Seeing how particular New York chefs are about their skillets and knives, we decided to ask them a similar (but different) question: What’s the one pot or pan they can’t cook without? The answers ahead include options for braising chicken wings, making black-rice breakfast porridge, and cooking all manner of curries.
For a Quick Meal
“The Pressure Cooker by Prestige: It’s a savior when time is short and I have hungry boys to feed. I use it for cooking beans and potatoes and tough cuts of meat like shanks, ossobuco, and oxtails.” - Floyd Cardoz, chef/owner Paowalla
“At Craftbar we love using Staubs. These cast-iron pots are not only great for cooking because they hold in heat, but their size and rustic charm make them great for serving in as well. At brunch we pan sear our pork scrapple right in the Staub, add home fries, eggs, and bacon jus and the whole thing comes out to the table in a bubbling pork goodness.” - Luke Wallace, chef de cuisine, Craftbar
For One-Pot Meals
“I love making one-pot meals like braised chicken wing with clams on my days off, and these are perfect. Le Creuset Dutch ovens are the best heavy-bottom braising pots.” - Jamie Bissonnette, chef/owner Toro NYC
For Stocks and Sauces
“This is a stockpot, where you begin your stocks for sauces that become demi-glaces and rouxs to be used in mother sauces like béchamel and velouté. This is my most important building block for developing flavor.” - Bryan Hunt, executive chef at Fowler & Wells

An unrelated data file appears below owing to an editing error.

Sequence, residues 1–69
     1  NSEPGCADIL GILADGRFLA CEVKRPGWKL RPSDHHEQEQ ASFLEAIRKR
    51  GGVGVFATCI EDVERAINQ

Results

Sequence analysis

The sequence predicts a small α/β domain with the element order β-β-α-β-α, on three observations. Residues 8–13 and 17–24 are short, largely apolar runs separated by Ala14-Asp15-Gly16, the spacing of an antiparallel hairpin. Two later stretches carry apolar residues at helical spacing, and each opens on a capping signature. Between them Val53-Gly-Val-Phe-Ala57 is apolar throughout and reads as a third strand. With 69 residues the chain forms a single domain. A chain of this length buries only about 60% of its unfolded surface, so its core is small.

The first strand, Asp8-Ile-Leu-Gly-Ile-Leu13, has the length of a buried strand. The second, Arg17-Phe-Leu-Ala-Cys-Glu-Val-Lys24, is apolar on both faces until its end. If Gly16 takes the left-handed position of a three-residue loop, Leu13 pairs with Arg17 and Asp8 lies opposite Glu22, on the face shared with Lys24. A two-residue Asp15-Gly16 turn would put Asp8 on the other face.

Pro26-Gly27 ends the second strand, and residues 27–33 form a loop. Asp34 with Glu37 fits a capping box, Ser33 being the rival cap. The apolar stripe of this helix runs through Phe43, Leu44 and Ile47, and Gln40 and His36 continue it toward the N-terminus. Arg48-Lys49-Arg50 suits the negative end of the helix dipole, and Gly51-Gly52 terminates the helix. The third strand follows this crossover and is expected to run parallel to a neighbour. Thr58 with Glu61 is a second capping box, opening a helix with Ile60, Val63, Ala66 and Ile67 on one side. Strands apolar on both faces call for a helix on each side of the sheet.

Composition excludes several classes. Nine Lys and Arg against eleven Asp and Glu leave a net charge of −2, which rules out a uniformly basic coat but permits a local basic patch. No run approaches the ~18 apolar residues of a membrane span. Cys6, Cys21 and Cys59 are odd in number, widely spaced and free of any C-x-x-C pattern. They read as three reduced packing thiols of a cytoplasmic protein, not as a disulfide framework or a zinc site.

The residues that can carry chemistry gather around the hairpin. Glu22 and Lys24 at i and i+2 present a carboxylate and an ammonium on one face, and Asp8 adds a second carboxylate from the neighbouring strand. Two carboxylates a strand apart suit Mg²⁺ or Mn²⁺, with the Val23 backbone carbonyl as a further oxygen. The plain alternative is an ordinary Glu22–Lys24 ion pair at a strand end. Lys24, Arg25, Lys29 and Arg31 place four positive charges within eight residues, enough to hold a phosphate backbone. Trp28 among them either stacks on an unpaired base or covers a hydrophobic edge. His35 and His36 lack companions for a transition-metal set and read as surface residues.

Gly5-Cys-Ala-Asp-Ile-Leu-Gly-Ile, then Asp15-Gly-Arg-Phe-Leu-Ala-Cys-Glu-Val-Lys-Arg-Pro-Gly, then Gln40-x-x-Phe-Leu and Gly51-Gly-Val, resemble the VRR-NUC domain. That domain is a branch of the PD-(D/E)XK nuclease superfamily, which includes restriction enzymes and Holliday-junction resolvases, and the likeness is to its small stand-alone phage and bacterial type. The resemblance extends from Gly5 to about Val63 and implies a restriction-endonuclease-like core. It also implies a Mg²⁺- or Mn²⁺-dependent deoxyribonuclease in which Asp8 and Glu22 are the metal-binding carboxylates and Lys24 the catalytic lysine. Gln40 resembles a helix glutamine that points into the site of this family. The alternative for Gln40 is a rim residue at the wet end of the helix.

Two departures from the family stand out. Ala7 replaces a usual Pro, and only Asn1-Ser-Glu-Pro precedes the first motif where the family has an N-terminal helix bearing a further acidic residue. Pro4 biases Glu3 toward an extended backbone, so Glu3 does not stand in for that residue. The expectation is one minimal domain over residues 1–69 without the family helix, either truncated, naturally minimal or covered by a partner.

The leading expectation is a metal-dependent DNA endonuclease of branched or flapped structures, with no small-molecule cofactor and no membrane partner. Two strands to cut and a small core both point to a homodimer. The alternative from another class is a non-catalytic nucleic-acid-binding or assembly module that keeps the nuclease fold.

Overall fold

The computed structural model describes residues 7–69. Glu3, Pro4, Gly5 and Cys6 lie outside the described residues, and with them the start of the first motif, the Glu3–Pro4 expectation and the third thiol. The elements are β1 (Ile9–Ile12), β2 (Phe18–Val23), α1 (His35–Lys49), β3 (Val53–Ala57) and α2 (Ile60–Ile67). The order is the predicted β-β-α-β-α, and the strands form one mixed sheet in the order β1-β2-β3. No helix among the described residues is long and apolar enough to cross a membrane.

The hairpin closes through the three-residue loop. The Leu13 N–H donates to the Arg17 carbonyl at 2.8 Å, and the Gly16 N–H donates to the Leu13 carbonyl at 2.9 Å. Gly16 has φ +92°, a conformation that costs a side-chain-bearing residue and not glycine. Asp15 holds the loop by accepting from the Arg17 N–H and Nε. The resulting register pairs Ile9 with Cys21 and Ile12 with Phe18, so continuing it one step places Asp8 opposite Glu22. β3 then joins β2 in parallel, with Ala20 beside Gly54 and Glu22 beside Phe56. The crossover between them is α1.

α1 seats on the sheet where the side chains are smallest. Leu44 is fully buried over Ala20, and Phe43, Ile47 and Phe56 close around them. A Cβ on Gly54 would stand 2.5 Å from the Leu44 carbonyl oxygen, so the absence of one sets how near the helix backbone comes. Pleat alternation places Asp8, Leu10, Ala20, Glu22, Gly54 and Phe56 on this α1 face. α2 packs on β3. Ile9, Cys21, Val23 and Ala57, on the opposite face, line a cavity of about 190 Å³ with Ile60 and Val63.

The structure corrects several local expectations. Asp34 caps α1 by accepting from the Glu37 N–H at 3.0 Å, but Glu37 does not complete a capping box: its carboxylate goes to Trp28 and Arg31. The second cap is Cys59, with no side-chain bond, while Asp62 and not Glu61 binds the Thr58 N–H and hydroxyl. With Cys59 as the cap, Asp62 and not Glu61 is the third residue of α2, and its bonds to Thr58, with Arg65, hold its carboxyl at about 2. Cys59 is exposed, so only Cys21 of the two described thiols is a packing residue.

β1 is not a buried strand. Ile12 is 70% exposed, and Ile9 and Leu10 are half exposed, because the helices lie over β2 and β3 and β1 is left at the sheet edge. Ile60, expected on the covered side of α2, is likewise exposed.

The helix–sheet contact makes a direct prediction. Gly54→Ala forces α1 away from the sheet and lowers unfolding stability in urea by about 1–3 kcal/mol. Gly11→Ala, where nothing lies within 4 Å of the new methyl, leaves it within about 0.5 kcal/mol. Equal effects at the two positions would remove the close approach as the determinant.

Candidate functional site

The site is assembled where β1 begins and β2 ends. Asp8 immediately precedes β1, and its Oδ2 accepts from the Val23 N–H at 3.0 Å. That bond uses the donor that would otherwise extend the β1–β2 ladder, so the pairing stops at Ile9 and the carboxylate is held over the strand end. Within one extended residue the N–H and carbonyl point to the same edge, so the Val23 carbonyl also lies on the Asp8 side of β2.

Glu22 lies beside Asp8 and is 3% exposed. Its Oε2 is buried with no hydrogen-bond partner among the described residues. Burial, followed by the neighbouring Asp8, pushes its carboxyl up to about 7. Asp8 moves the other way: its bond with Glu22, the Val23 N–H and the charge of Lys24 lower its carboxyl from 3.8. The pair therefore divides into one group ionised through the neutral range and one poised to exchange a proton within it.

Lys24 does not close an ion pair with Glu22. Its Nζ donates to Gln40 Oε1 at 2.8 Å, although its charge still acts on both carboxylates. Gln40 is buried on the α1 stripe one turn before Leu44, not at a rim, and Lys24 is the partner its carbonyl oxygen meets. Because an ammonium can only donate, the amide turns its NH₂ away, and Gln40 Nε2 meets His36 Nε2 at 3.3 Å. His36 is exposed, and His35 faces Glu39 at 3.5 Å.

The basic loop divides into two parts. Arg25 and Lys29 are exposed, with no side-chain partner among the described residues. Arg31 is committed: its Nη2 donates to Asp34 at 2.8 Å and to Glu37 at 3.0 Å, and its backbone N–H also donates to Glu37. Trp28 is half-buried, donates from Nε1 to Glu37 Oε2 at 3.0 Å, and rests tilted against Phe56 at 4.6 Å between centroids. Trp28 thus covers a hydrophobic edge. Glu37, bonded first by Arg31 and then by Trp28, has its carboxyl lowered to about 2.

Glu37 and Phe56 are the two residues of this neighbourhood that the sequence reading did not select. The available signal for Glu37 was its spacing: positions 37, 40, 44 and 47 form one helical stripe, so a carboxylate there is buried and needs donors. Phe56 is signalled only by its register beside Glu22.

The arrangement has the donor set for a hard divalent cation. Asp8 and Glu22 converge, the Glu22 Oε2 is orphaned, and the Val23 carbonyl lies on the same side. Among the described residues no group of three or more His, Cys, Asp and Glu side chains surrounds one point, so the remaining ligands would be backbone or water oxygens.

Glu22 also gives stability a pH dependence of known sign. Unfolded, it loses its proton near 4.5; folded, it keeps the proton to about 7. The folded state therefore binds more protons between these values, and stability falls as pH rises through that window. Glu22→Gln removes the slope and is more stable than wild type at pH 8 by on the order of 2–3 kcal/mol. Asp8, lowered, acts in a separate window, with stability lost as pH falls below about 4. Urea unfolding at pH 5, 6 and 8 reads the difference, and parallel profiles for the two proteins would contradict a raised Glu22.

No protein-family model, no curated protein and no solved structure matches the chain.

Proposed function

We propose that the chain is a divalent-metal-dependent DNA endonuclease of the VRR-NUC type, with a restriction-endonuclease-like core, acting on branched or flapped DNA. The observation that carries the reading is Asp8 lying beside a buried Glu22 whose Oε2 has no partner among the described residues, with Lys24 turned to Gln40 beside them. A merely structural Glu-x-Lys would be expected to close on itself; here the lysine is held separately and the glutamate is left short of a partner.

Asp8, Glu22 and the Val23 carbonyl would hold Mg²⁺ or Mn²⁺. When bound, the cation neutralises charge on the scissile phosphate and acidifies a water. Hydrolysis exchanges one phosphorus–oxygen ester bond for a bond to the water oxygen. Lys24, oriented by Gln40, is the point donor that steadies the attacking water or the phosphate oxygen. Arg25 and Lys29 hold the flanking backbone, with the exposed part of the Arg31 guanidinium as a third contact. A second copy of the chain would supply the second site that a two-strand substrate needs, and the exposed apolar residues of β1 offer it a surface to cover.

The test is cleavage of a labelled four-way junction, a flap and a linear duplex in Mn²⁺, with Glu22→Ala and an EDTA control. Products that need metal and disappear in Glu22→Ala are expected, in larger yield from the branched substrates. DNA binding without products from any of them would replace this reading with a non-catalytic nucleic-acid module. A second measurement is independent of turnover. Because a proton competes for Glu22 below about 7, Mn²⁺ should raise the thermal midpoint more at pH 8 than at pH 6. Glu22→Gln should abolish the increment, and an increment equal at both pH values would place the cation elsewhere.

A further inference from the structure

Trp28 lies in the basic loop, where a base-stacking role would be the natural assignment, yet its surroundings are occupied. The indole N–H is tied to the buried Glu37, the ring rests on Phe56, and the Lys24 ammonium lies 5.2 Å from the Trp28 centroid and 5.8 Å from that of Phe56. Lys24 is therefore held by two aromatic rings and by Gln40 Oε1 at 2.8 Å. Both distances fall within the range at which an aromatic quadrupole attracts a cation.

For Oatmeal and Ice Cream
“A large sauté pan with ⅔-inch sides is the most important pot you should own. It’s perfect for almost anything that has a longer cooking time but needs a gentle hand. It will handle everything from oatmeal and black-rice porridge for breakfast to risotto for dinner and ice-cream bases for dessert.” - Tony Cacace, executive chef, Oro Restaurant
“I use the All-Clad 3-quart because it’s perfect to cook one or two portions of risotto. Heavy bottom, even heat, lasts forever.” - Jamie Knott, chef/owner at the Saddle River Inn & Cellar
“We use rondeaus for all of our curries. The large surface area gives me the ability to toast the paste and the size allows me to finish the sauce with all the liquid in the same pot.” - Leah Cohen, chef/owner of Pig & Khao
“A small to medium stock pot with a lid is a very versatile item: I use this one in the kitchen to cook everything from vegetables and pastas to braised meat, but it can also be used as a cocotte to serve at the table.” - Gabriel Kreuther, chef/owner Gabriel Kreuther
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